COLUMBIA, SC (WIS) - An emotionally charged meeting brought parents and childcare providers to a podium, voicing concerns for little ones.
"It was a death in our family. It has devastated our community, not just the families and children that I've been advocating for, for the last two years, but also to my staff," Saluda County First Steps Director Kim Chariker told the SC First Steps Board.
SC First Steps is the agency that has been providing the free childcare program and education jumpstart to 145 children across the state through the Early Head Start program; however, the federal government has given them an ultimatum, the Board says.
Parents now fear that 145 young children ages 6 weeks to 3 years are losing their place to learn because the federal gr ant of about $7 million will switch hands. On Friday, SC First Steps' Board voted 8 to 1 to reject the money that pays to provide the program. Instead, the Department of Social Services opts to offer the free childcare through a voucher system to those parents who qualify.
Parents and staff whistle-blowers have been bringing abuse allegations to light. Documents on federal reviews show reports that teachers hit children, shoved them, and mistreated them in September 2017. SC First Steps says that's part of the reason the federal government told them they're revoking the gr ant unless they vote to give it up.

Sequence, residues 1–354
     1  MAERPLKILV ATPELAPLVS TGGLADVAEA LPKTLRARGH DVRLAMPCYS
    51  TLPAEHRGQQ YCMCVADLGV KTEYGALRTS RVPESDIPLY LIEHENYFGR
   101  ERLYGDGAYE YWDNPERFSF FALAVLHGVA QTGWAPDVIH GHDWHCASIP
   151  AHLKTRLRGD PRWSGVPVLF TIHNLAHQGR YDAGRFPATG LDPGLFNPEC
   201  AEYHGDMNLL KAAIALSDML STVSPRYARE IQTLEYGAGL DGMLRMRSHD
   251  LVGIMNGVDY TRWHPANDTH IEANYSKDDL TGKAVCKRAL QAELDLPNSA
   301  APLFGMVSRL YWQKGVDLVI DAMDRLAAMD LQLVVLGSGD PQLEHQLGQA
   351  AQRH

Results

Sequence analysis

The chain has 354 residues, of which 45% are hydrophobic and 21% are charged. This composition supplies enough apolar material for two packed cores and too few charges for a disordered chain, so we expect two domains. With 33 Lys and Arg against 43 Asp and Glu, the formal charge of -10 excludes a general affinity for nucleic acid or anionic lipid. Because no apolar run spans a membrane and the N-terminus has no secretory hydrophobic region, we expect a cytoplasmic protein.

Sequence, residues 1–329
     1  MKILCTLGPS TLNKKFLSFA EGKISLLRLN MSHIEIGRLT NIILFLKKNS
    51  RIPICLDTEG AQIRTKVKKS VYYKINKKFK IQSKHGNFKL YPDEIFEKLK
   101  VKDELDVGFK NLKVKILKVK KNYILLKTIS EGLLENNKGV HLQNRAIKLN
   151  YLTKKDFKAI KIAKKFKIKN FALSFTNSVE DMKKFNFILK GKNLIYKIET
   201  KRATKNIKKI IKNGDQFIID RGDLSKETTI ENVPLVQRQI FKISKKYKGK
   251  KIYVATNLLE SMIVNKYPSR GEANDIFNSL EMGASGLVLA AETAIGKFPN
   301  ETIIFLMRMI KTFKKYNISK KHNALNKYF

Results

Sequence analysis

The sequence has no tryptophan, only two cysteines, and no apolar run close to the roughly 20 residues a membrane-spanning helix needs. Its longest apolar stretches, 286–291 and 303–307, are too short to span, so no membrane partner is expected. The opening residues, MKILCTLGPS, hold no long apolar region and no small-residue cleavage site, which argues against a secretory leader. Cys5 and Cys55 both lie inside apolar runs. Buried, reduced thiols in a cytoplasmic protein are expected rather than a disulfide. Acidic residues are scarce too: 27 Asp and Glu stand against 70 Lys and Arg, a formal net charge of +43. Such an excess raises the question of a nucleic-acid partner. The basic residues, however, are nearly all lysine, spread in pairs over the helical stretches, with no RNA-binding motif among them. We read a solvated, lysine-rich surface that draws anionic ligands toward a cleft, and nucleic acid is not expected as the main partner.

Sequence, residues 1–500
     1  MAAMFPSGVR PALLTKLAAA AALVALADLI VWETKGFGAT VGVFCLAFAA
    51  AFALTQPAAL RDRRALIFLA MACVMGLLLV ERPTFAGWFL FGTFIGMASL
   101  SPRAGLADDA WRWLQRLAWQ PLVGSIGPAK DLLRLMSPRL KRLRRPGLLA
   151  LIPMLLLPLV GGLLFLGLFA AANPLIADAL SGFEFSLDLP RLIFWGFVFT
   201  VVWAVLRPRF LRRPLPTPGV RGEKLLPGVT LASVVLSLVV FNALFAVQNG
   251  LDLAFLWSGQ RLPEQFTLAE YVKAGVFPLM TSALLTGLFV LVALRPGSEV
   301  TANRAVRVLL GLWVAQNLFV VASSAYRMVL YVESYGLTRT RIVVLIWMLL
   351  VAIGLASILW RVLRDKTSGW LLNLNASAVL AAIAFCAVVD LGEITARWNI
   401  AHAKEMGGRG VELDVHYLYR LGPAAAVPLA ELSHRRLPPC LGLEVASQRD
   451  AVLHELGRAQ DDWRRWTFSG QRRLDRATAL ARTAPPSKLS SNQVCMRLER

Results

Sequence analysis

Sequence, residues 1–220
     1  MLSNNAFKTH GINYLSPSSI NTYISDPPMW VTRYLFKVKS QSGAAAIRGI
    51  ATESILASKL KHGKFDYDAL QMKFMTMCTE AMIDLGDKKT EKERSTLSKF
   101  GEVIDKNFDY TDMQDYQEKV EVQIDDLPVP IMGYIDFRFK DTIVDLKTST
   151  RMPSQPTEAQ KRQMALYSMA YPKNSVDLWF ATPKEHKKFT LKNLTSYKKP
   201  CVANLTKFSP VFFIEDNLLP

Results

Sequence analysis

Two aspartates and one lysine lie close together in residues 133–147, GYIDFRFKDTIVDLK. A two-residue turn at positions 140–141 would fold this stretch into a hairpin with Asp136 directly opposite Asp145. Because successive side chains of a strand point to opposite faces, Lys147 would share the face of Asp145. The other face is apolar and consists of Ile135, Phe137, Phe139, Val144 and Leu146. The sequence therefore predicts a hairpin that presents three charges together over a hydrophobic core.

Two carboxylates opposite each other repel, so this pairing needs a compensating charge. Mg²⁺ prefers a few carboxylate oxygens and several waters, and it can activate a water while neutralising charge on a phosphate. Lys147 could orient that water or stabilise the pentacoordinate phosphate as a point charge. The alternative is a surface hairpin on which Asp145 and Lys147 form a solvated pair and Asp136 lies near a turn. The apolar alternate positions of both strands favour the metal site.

"Rather than waiting and allowing more children to enroll and making that commitment and not being able to fulfill that commitment, our board felt like it was important for the benefit of children and their families for us to go ahead and acknowledge the situation that we're in," SC First Steps Executive Director Georgia Mjartan said.
That childcare center where the mistreatment was reported in Dillon in September has since been closed. One teacher resigned and another was reassigned before it was shut down.